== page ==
Cambridge Dictionaries online Cambridge Dictionaries online

The most popular online dictionary and thesaurus for learners of English

English definition of “dizzy”

dizzy

adjective uk   /ˈdɪz.i/ us  

dizzy adjective (FEELING)

B2 feeling as if everything is turning round and being unable to balance and about to fall down: Going without sleep for a long time makes me feel dizzy and light-headed. I felt quite dizzy with excitement as I went up to collect the award.

dizzy adjective (QUALITY)

[before noun] confusing and very fast: Who could have predicted the dizzy pace of change in the country? informal describes a person who is silly, especially a woman: In the film, she played the part of a dizzy blonde.
dizzily
adverb uk   /-ɪ.li/ us  
in a dizzy way or a way that makes you feel dizzy: The skyscrapers towered dizzily above us.
(Definition of dizzy from the Cambridge Advanced Learners Dictionary & Thesaurus © Cambridge University Press)
What is the pronunciation of dizzy?
Add Cambridge dictionaries to your browser to your website

Definitions of “dizzy” in other dictionaries

Word of the Day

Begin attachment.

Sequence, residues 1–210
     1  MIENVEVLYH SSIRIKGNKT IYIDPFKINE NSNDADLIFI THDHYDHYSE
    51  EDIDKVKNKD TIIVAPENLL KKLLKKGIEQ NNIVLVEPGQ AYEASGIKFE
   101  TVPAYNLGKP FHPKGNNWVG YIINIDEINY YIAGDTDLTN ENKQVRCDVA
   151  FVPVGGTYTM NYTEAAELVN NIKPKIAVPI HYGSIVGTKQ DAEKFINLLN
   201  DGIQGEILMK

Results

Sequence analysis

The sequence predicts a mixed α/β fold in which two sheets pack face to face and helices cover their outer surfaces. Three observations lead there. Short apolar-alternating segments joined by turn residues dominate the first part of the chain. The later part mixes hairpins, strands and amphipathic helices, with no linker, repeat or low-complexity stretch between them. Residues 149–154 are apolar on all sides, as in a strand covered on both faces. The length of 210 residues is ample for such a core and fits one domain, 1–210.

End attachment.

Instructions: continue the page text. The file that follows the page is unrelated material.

hello stranger

said to a person that you know but have not seen for a long time

Word of the Day

Come on – you can do it! Phrasal verbs with ‘come’.

by Liz Walter​,
November 19, 2014
As part of an occasional series on the tricky subject of phrasal verbs, this blog looks at ones formed with the verb ‘come’. If you are reading this blog, I’m sure you already know come from, as it is one of the first things you learn in class: I come from Scotland/Spain.

Read More 

silver splicer noun

November 17, 2014
informal a person who marries in later life Newly retired and now newlywed – rise of the ‘silver splicers’ Reaching pension age becomes a trigger to tie the knot as baby-boomers begin to redefine retirement

Read More